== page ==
But I think the idea comes from One Second After, a decent but not great book. It might be good if the writers and producers would stick to the premise and the sci-fi, but this television after all, so it’ll be laden with sex and stupidity.

Then again, sex and stupidity does sell…

    Long time reader, long time lurker, first time commenter. Love the blog.

    Actually, you are right about Dies the Fire and S.M. Stirling. In the show, all modern tech ceases to function. That’s why the folks in the militia were shocked that someone shot a gun. Its not that people ran out of bullets, its that bullets were out of order. That medallion doesn’t magically repair tech damaged by EMP, it temporarily allows the tech to work by restoring the physical laws as we understand them.

I will check it out. I really enjoyed Jericho, with its post apocalyptic small town politics. Even though it was canceled early and came back for a quickie, unsatifying conclusion. But if it is filled with liberal sucker punches I will bail quickly.

Cautiously optimistic and frequently disappointed is my nature.

15 YEARS later and nothing works? What horsecrap. anyone with a moderate understanding of any kind of technology understands what BS this is.

It’d be fun if they add zombies. Oh, wait. That’s already on TV now….

As usual with TV, the science is gibberish. An EMP would fry a lot of circuits but fried circuits won’t destroy modern life. Mostly, it will just raise the price of new circuits, which will be hard to produce for a while, until new control systems can be wired up.

Dark Angel did it better. The pulse disrupted things just long enough for some evil right wingers (working with the evil corporations) to declare martial law and take over the government, thus allowing Jessica Alba to be bioengineered from a cat.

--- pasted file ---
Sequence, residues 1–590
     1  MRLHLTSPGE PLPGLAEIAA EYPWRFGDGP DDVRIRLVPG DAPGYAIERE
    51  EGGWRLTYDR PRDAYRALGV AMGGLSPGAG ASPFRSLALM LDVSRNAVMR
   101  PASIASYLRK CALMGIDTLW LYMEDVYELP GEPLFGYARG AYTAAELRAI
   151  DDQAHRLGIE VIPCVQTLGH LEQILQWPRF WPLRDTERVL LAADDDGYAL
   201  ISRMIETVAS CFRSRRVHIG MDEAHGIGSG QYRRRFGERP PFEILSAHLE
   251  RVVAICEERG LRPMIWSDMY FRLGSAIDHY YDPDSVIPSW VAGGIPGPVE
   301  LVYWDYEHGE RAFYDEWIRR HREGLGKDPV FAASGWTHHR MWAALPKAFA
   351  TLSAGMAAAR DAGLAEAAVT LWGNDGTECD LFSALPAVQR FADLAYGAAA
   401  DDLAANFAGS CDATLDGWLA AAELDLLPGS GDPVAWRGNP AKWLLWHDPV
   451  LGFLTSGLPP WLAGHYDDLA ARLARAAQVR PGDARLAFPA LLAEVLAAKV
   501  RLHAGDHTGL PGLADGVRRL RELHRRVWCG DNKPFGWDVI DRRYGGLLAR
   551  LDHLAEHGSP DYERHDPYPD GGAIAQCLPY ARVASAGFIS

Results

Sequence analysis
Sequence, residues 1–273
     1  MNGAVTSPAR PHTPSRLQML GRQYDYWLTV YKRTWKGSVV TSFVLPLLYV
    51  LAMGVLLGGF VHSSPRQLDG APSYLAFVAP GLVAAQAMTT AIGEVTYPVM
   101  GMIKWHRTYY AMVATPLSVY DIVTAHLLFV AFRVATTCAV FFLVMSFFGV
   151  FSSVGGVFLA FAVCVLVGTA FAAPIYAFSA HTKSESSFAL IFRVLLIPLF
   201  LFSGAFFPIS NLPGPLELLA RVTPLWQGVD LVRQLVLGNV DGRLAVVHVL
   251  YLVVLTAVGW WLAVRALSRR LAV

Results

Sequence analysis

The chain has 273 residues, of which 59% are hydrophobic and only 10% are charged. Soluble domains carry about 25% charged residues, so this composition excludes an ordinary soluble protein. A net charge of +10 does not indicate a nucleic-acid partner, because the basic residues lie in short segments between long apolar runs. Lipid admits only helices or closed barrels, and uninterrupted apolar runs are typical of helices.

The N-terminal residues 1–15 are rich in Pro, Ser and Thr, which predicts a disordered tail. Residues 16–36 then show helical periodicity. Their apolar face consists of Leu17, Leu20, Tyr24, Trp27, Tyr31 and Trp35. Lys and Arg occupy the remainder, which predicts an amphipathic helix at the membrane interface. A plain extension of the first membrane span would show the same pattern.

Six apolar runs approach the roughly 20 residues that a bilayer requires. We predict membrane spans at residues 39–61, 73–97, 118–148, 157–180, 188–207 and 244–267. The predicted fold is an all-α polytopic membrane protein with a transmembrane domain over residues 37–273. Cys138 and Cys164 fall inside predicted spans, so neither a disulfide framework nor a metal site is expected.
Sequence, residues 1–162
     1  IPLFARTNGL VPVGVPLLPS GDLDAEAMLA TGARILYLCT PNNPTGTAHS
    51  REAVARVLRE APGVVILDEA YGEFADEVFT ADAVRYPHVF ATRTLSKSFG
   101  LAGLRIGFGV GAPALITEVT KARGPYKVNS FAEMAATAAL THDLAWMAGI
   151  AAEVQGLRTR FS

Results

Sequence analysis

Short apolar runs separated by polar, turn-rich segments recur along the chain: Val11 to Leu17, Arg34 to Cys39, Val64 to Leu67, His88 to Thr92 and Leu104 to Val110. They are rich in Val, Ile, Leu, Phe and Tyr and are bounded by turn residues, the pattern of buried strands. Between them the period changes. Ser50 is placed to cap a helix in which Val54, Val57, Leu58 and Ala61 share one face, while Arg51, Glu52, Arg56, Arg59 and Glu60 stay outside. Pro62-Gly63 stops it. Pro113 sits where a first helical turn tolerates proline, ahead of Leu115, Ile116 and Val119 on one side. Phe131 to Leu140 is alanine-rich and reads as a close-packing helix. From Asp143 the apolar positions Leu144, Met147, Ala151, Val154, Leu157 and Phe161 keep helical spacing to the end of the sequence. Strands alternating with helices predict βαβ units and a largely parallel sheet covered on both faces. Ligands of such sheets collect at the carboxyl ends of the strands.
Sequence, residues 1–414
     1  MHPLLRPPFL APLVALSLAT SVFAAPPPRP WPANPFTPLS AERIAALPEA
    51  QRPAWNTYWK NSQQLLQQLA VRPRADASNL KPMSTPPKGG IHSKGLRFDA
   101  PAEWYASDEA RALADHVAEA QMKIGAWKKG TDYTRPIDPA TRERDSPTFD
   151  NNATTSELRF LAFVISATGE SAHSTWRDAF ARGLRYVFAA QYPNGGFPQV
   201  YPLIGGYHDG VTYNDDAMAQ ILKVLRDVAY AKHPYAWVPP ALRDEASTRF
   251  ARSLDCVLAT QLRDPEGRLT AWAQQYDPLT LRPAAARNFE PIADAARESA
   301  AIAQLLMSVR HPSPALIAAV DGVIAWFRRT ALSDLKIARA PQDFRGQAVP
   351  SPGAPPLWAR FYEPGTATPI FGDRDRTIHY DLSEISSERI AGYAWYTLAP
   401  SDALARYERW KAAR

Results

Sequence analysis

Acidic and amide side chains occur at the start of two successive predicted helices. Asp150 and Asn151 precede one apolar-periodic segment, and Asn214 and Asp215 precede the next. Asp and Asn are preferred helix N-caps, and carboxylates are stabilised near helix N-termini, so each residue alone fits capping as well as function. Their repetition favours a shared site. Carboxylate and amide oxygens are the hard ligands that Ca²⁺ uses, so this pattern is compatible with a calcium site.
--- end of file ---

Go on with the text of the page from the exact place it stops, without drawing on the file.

That’s MUCH more realistic.

No, I won’t be watching. Include me out.

Given the description “After 15 years of darkness, an unlikely group sets out to save the world” and NBC’s general affinity for totalitarians, it’s not hard to guess what sort of fascist thugs these “saviors” of the world will turn out to be. The scientific and technological implausibility of the show’s basic premise is also a turn-off. Fifteen years with no technology of any sort? Really?.

Perhaps the problem is me. I grew up reading the works of Isaac Asimov, Alan Dean Foster, James Blish, Larry Niven, Poul Anderson, Robert Heinlein, and Arthur C. Clarke. These and many other SF authors at least tried to make their stories have some scientific accuracy, and were able to regularly impress their readers with the wonder of new worlds and new technologies. Not so with many modern SF authors who worship at the altar of Scientism, but themselves are depressingly ignorant about science and who see the genre as a vehicle to advance their creepy ideas about humanity and society.

Put another way: older SF was usually (though not always) looking outwards. Newer SF seems to look mostly inwards with copious navel-gazing.

    Michael47 in reply to rec_lutheran. | May 20, 2012 at 3:06 pm

    I don’t think this rises to the level of science fiction, or even speculative fiction. Too many fantastical components: batteries stop working? That means chemical reactions don’t work, a LOT of biological processes depend on electric activity, if electricity is stopped to that level, every one dies of cardiac arrest (no cardiac rhythm). And a magic key chain that turns it back on? Please. I’ll stick with great science fiction, like “Firefly”. A thousand times better than this antiscientific bilge. This is just a ripoff of Jericho and Falling Skies.

looks like a terrific concept given the usual schlocky network tv treatment. too bad the idea wan’t pitched to hbo or showtime.

Sounds like a show about what happens when the environmentalists take over and destroy all of our energy sources.

If the show tries to teach them a lesson it may be worth watching. But I doubt it will.

Will it have a mega hotty with pouty BJ lips who is cross bred with a cat (Dark Angel)? Then I’m in.

As others noted, an EMP would be disruptive and bust some things (no Facebook for a while), but I’m skeptical of it turning all copper wire to dust.

I’m a little concerned about our Nuke facilities ability to shut itself down though.

Otherwise, If all were hit equally, devastation would be far less than a Katrina.

    Estragon in reply to Andy. | May 19, 2012 at 7:03 am

    You can’t have an apocalypse without a hottie. I think it’s a rule or something.